Touch, sound, and visual experience help a child to learn faster. And on the contrary, lack of communication and environmental stimulation result in developmental delays.
According to Bornfenbrenner’s theory, the obstacles and barrier a child faces in the learning environment at the level of “microsystem” such as lack of interactions in the family may negatively affect the patterns of social relationship and cognition at the broader levels of “mesosystem,” “macrosystem,” and “chronosystem” that imply the ability of functioning in the larger cultural and social environments (Lau & Ng, 2014, p. 426).
According to the Theory of Cognitive Development by Vygotsky, the development of “higher psychological functions” depends on the style of cooperation between and adult and a child (Alves, 2014, p. 24).
While Piaget focuses on the biological side of the cognitive development in children, Vygotsky emphasizes that cognition process can be constructed through the process of interrelation and the active participation of the child in this process. In this way, the intervention practice needs to involve both perspectives through the consideration of individuals’ developmental needs in early childhood both in terms of physiology and mental stimulation (Tucker-Drob & Harden, 2012, p. 251).
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In this way, the caregivers must be instructed to provide a favorable social and cultural environment for a sound development of an infant. Through communication that involves sensory and auditory interactions with a child, the parents may facilitate the development of neurocognitive mechanisms.
And through the “formation of a conceptual system based on reciprocal generalizing relations,” and implementation of other specifically elaborated mental activities it is possible to raise child’s awareness and improve his/her behavior, learning abilities, and emotional expression.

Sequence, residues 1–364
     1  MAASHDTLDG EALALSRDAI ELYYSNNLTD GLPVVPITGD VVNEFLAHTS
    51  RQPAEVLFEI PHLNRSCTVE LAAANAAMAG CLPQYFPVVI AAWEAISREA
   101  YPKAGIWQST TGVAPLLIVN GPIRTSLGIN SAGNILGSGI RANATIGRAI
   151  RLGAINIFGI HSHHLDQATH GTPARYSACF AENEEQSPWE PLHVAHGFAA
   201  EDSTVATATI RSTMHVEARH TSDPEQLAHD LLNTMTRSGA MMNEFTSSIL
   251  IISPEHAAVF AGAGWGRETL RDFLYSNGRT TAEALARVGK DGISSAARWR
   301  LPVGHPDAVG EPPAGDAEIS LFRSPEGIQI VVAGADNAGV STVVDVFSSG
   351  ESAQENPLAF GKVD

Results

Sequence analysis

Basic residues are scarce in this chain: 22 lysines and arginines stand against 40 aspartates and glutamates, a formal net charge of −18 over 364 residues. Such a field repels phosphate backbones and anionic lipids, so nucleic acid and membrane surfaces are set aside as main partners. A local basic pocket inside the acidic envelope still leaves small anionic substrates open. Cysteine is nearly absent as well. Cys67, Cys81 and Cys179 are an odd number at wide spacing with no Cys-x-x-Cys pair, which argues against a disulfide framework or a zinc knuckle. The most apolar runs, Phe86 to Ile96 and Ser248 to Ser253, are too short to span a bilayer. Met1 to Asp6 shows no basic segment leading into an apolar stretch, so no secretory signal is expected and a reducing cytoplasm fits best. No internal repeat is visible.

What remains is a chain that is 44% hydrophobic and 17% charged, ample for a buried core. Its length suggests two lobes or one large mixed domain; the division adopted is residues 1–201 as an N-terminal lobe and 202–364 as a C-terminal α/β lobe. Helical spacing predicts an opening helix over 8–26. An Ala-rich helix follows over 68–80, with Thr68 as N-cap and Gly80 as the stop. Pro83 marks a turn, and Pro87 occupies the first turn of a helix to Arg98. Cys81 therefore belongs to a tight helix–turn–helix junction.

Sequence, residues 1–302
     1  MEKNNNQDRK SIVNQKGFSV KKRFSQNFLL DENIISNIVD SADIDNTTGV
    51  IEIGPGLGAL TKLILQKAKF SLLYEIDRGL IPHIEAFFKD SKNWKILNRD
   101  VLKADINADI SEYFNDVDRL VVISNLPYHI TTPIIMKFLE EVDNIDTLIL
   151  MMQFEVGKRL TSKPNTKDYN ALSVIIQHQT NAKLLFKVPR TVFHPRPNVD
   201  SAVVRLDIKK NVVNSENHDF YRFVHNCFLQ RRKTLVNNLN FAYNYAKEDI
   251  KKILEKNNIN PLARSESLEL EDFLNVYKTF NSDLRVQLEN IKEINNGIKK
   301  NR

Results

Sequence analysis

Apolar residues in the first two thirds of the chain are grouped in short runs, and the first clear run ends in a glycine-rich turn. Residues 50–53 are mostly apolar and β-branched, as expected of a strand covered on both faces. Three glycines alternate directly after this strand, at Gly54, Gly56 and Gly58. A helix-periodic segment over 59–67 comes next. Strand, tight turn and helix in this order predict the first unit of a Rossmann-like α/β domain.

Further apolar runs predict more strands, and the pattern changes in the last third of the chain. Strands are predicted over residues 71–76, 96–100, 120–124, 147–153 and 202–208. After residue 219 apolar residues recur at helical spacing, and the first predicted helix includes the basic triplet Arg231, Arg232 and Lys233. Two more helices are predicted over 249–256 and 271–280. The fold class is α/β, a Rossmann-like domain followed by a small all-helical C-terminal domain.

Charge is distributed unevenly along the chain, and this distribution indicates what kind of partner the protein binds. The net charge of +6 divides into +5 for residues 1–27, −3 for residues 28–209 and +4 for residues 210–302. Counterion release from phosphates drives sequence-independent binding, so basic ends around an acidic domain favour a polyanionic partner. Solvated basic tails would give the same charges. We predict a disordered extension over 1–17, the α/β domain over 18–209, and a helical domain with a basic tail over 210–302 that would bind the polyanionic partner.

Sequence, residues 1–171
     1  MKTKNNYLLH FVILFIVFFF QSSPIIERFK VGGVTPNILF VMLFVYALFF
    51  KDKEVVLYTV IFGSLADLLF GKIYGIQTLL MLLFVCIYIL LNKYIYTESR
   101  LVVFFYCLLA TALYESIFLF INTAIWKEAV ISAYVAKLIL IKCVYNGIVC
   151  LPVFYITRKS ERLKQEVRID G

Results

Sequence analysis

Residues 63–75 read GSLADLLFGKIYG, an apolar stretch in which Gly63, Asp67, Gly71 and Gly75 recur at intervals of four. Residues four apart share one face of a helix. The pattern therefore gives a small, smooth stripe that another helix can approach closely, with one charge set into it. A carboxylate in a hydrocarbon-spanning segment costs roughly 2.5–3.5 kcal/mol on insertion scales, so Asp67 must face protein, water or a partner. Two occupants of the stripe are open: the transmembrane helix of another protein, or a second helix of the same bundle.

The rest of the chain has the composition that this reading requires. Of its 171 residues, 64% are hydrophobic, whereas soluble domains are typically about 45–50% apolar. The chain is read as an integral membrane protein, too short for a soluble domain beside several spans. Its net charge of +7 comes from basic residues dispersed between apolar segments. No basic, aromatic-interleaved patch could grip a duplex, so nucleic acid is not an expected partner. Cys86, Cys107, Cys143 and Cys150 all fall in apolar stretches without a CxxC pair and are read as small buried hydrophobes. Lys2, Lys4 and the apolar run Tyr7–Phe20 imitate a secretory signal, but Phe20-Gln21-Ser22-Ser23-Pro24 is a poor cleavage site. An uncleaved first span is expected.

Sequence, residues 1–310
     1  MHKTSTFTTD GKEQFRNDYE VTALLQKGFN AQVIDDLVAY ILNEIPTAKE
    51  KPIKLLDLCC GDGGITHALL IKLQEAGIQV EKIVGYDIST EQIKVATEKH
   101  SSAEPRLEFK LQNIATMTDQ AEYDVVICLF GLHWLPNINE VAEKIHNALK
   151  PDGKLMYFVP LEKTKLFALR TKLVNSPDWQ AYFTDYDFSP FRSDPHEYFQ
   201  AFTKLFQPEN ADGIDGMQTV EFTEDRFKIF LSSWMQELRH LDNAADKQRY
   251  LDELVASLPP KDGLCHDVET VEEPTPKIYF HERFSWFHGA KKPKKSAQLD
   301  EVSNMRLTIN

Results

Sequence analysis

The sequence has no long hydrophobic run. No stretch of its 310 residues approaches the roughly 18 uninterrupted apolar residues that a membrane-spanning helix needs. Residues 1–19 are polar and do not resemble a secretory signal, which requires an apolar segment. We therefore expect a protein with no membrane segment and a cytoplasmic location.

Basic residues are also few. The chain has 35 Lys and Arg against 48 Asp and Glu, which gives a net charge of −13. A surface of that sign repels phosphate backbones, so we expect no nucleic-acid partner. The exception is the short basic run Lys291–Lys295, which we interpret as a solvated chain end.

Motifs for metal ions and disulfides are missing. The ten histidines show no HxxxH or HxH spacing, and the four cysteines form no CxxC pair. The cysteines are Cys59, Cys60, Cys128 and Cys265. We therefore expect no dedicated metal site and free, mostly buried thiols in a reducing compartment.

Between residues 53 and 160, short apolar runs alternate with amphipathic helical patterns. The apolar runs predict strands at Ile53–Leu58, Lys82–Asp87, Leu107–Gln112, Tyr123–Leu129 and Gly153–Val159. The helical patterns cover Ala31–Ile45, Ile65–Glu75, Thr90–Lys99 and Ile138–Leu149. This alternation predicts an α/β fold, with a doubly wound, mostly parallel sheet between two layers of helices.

During the early childhood period, the development of elementary cognitive and social-emotional abilities takes place. Researchers emphasize that environmental factors such as communication, mental distress, or physical contacts significantly affect the developmental progression of infants.
Exposure to negative influences in prenatal or early childhood periods may provoke cognitive disorders. The establishment of the supportive and encouraging relationships between a child and his/her caregivers helps to avoid developmental delays. The reduction of the number of negative environmental factors helps to reveal child’s developmental potential.
Alves, P. F. (2014). Vygotsky and Piaget: Scientific concepts. Psychology in Russia, 7(3), 24-34. Web.
Jacobsen, H., Moe, V., Ivarsson, T., Wentzel-larsen, T., & Smith, L. (2013). Cognitive development and social-emotional functioning in young foster children: A follow-up study from 2 to 3 years of age. Child Psychiatry and Human Development, 44(5), 666-77. Web.
Lau, J., & Ng, K. (2014). Conceptualizing the counseling training environment using Bronfenbrenner’s ecological theory. International Journal for the Advancement of Counselling, 36(4), 423-439. doi. Web.
Lefmann, T., & Combs-Orme, T. (2013). Early brain development for social work practice: Integrating neuroscience with Piaget’s Theory of Cognitive Development. Journal of Human Behavior in the Social Environment, 23, 640–647.
Richetto, J., & Riva, M. (2014). Prenatal maternal factors in the development of cognitive impairments in the offspring. Journal of Reproductive Immunology, 104, 20-25.
Tucker-Drob, E., & Harden, P. (2012). Early childhood cognitive development and parental cognitive stimulation: evidence for reciprocal gene-environment transactions. Developmental Science, 15(2), 250-259.